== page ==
Too much infighting, not enough action

Two weeks in a row, I was taken to task on these pages. First, by publisher Bill Forhan and then by guest columnist William Slusher. I tell myself I should get used to it; a liberal in eastern Washington is a fish out of water. Then again, I’m also a liberal who weathered the conservative stronghold of Utah. You may as well be a libertarian in Seattle.

I appreciate Slusher’s cool head and I agree that the best solutions for America aren’t conservative or liberal. Forhan touched on it, but Slusher emphasized the dialectic method, the thesis countered by an antithesis and the synthesis that follows, are what moves us forward.

In the process, it’s important, however to base arguments in agreed facts.

Forhan points to the Democrat’s in Olympia who haven’t funded state pensions adequately. As for current and the most recent budget cycles, he’s right – Republicans haven’t had much of a voice. But the problem wasn’t created overnight; most issues stretch back decades into periods of brief Republican control of the Legislature. While today it’s the Democrats who are delaying the answer to a tough issue, both parties are to blame for getting to this point.

As for the raiding the “Social Security trust fund,” it has no cash. It never did. There’s no fund to be raided and either party is rolling out a tired argument when they bring this up. The way the system currently works, payroll taxes generate more money than what Social Security pays out. The Social Security Administration takes the surplus revenue and buys federal bonds. They go in a file cabinet, the actual cash goes into the federal general fund. It’s estimated that as early as 2017, the situation will reverse, at which point the Social Security Administration will start cashing in bonds. Eventually the system may run out of funding, unless something changes.

Solutions aside, that’s the way the system works. Democrats are doing it today. Republicans did it before them and Democrats before that. It’s not a partisan issue; it’s the way the system was designed.

While I can agree with Forhan on some points, the bulk of his op-ed piece two weeks ago was a long drive on a dead-end street. His analysis of average disposable income compared to gross domestic product. However, the value of the analysis is questionable.

Disposable income also fails to take into account housing, transportation, food, medical, utilities or any other costs. Each of those varies from one country to another, indeed from one community to another. Furthermore, in countries with universal, single-payer health care, medical costs come out largely as taxes. I think what Forhan was looking for was discretionary income, which is what a worker has left after taxes and after paying necessary costs. That number is even harder to come by and it would waste ink to even attempt an analysis here.

He further compounds the folly in his argument by inventing his Billdex, which takes a rarely reported figure with little value and divides it by the per capita gross domestic product. The outcome: a statistical nightmare.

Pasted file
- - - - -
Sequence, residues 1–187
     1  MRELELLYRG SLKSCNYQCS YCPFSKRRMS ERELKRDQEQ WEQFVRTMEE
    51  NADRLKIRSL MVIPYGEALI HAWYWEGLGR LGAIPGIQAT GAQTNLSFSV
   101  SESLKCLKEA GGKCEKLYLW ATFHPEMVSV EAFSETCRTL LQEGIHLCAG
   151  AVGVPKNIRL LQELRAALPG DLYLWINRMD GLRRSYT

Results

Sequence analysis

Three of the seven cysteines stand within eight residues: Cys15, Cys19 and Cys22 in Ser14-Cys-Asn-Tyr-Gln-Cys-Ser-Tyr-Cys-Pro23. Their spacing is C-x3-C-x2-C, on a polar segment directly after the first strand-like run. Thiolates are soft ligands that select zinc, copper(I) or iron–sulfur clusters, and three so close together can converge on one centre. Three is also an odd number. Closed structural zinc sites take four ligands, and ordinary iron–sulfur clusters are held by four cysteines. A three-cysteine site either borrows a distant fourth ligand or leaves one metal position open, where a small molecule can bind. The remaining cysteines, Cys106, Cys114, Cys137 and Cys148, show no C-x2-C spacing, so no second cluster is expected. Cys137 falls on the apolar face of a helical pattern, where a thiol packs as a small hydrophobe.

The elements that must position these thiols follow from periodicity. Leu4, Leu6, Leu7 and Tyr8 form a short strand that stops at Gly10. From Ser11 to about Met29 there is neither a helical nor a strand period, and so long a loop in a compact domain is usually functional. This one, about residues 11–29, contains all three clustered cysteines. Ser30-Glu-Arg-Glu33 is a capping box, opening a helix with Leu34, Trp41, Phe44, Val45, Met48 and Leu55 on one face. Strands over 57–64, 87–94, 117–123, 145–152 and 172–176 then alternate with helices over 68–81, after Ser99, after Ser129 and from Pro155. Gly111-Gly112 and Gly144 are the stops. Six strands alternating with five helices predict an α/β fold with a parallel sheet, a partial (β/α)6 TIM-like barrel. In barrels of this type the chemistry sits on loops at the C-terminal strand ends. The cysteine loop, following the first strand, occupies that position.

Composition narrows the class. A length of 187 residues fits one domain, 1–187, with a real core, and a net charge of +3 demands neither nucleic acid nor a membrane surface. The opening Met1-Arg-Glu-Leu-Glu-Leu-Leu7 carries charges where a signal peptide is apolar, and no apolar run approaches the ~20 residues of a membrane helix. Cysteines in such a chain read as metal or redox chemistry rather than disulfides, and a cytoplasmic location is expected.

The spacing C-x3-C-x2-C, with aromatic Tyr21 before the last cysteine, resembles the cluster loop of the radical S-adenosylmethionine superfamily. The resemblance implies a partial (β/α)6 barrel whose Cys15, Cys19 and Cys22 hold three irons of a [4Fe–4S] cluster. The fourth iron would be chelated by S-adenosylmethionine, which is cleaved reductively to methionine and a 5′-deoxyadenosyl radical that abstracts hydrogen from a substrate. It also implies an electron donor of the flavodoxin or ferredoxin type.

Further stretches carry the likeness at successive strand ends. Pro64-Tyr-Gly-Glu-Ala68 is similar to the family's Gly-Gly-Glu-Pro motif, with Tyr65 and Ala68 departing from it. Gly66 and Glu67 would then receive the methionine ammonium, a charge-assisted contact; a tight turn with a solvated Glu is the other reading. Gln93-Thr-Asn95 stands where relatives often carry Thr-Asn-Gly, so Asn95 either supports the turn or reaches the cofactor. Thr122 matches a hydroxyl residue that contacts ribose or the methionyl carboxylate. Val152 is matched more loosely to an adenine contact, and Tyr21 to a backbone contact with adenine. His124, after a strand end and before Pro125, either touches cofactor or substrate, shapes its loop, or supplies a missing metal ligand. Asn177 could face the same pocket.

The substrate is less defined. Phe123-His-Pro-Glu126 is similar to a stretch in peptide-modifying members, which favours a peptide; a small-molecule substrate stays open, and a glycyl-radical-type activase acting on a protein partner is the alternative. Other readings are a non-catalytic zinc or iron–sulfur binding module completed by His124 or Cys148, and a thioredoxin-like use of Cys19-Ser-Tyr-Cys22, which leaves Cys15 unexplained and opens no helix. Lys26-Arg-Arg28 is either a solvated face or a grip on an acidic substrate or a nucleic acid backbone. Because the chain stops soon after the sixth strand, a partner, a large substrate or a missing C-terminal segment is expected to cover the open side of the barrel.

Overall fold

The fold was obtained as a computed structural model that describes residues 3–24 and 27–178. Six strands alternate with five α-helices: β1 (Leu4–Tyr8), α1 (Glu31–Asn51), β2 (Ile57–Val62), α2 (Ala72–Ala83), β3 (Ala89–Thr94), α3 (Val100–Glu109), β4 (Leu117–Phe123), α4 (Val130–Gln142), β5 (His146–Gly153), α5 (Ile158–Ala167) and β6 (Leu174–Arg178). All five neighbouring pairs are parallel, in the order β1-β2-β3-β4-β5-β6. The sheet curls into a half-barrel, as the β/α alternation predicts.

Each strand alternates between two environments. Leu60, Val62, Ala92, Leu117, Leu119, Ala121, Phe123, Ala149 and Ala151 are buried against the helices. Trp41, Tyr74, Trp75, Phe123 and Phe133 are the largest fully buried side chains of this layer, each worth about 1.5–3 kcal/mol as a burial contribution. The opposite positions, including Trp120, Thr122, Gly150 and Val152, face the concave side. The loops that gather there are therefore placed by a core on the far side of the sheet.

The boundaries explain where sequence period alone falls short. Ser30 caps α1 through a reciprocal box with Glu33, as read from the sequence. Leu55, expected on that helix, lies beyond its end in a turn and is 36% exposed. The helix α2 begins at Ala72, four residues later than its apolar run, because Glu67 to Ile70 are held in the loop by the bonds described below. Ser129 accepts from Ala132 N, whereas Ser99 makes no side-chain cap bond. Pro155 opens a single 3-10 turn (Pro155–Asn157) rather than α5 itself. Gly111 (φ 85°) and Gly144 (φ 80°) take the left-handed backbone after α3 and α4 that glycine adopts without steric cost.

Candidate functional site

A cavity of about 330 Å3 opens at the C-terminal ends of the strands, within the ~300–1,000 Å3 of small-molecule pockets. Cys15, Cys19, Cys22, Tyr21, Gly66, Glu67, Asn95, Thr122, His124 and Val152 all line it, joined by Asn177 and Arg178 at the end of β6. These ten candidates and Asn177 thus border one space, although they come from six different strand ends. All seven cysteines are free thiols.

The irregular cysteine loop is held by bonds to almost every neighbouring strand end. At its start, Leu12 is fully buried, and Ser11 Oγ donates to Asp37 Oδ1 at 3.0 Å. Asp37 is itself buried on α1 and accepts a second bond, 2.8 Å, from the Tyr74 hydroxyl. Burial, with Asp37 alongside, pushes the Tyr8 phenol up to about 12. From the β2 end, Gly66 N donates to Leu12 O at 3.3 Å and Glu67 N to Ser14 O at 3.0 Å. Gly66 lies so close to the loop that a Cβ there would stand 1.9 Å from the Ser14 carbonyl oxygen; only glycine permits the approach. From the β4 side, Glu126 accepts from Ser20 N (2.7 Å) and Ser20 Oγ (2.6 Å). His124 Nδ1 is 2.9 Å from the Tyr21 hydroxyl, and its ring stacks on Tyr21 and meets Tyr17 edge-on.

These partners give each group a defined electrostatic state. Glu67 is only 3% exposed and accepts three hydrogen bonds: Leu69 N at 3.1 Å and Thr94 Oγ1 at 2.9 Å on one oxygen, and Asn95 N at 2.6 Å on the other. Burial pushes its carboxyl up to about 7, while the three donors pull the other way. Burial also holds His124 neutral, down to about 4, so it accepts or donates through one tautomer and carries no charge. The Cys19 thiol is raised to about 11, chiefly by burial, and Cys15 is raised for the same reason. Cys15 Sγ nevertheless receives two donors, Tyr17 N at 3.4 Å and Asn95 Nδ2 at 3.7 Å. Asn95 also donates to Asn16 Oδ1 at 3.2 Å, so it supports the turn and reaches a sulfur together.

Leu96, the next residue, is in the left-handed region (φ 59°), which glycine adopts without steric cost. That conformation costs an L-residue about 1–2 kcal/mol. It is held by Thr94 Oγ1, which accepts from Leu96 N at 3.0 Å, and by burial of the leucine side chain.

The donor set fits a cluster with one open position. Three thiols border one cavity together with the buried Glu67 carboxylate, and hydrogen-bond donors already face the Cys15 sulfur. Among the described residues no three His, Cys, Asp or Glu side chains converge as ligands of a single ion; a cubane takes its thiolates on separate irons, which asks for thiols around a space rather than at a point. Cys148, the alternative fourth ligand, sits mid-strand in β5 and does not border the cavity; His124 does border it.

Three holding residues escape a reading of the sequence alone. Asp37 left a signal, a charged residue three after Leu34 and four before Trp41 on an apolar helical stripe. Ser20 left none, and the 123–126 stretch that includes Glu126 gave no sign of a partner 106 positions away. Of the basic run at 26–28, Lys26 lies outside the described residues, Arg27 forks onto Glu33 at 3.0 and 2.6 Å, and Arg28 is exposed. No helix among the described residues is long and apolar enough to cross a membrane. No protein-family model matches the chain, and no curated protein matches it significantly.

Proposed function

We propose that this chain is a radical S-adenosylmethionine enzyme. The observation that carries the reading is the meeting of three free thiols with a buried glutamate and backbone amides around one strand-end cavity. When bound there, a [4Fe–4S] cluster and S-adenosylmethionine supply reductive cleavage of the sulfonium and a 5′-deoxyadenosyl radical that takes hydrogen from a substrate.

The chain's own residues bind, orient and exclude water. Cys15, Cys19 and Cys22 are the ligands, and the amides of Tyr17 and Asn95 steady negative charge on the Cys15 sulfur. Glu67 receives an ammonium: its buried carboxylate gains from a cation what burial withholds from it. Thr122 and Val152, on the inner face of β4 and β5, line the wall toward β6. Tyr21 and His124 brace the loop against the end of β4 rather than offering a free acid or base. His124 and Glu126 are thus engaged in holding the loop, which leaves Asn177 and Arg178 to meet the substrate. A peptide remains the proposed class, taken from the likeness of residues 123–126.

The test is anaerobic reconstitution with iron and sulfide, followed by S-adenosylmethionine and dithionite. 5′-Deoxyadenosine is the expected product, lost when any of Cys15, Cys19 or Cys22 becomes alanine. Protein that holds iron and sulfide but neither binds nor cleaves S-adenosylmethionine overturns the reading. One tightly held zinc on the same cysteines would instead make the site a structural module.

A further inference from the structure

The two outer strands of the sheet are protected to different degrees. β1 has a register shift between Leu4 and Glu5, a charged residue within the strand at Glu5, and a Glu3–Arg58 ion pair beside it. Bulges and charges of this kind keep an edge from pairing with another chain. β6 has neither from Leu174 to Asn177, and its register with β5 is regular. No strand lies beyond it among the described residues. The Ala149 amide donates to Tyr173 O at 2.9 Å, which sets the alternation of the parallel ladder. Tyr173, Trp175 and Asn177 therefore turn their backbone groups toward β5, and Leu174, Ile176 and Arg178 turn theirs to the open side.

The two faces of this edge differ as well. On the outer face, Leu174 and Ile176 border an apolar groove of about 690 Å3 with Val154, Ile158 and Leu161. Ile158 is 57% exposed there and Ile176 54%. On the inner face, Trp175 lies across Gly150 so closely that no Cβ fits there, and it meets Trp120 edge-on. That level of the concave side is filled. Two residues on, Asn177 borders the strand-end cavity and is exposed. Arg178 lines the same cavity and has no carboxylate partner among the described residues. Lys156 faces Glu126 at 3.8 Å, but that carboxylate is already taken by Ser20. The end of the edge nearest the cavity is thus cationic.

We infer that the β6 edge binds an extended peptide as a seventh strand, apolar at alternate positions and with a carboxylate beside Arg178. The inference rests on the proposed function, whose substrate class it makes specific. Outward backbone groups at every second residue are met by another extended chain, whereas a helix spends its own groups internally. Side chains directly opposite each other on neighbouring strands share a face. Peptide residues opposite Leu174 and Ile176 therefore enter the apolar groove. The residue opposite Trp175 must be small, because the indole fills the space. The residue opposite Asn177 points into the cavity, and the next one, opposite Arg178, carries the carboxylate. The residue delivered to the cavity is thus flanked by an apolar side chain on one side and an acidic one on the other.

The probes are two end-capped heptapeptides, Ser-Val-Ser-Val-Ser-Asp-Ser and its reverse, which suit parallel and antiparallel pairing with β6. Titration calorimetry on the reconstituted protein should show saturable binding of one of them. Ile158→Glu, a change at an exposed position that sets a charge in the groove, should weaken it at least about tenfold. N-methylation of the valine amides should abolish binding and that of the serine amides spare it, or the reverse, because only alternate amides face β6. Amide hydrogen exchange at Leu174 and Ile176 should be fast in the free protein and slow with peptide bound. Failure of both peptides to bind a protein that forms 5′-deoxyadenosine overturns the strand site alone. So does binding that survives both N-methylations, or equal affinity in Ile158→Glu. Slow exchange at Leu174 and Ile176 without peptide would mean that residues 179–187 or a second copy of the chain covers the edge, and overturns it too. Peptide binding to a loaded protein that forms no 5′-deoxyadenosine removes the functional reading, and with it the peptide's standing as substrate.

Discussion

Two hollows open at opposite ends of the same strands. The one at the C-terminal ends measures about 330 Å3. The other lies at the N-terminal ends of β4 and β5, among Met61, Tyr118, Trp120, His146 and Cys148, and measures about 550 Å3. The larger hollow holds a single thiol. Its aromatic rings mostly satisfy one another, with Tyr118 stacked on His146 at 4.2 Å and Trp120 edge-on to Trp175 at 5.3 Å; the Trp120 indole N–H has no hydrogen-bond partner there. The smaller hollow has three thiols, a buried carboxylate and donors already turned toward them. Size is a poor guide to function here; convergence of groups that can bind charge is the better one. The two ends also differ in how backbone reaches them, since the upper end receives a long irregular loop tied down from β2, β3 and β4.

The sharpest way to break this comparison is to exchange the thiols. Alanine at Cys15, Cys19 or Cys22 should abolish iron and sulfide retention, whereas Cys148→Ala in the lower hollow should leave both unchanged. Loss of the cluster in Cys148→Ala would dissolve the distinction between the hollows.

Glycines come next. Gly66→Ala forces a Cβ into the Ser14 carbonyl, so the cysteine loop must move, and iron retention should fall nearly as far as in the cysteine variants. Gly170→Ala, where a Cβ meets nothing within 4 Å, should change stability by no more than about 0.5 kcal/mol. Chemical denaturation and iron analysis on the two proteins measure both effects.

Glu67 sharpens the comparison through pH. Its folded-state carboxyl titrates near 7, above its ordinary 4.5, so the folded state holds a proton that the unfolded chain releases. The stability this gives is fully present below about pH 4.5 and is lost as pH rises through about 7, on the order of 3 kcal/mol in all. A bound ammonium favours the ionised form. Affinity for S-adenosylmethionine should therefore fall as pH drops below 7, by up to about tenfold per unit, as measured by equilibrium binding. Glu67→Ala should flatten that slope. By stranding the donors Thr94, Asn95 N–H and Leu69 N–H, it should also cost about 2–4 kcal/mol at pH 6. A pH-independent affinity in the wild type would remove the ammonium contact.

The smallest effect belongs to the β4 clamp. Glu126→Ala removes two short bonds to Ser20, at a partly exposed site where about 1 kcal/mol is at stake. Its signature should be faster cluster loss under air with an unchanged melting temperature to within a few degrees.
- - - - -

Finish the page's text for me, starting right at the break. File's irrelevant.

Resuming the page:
What’s interesting is that his standard of living argument relies wholly on finances. Yet standard of living is much more complex than the dollar amount on the average worker’s paycheck.

Forhan touched on the 20 percent of Americans who are functionally illiterate, calling it “a seemingly great endorsement of our public education system.” I agree. We’re far behind much of the industrialized world on education. If there’s anything that came out of No Child Left Behind, it’s a clearer understanding of the failures of our public education system.

Debates about public education far too often center around budgets and compensation levels. Throwing money at schools doesn’t always make them better, no matter how under- or over-funded they are. Frequent and meaningful measurements coupled with practical application of data to reach higher standards is the right solution, whether accomplished in traditional public, charter or private schools.

That’s the kind of discussion we should be having in this country.

Instead, we’re stuck on issues like Wall Street reform. Let’s settle the blame game: both Dems and the GOP are to blame. Both parties softened regulation and allowed chaos into the financial sector. Prior to the Great Depression, there was a major banking crisis about once a decade in this country. Regulations of the 1930s prevented financial meltdown for half a century.

Somehow the country was shocked at the savings and loan crisis after deregulating the S&L industry in the early ’80s. Deregulation in the ’90s blurred the line between commercial banks and investment banks. Again, we were shocked by the banking crisis that resulted.

It’s true of just about every problem out there. Both parties broke it.

There have been strides on several fronts. At the end of 2008, we were shedding more than 700,000 jobs a month. That’s changed and we have finally seen a couple months of job growth this year, however small a consolation to this country’s unemployed. The bailout worked and most of the money is being returned to the government.

However, there are still real problems out there, like an ever-growing deficit, environmental catastrophe in the Gulf of Mexico due to failed bureaucracies, climate change, entitlement program reforms and more.

Last week’s elections underscored an anti-incumbency sentiment that is likely to affect what was already anticipated as a tough election for Democrats. Regardless of the outcome in November, the question for whoever governs is this: What are you going to do to fix it? Put aside the politics and come up with a solution. Conservatives and liberals alike can forget about moving forward with either agenda unless they can give Americans a real, honest, common sense answer.

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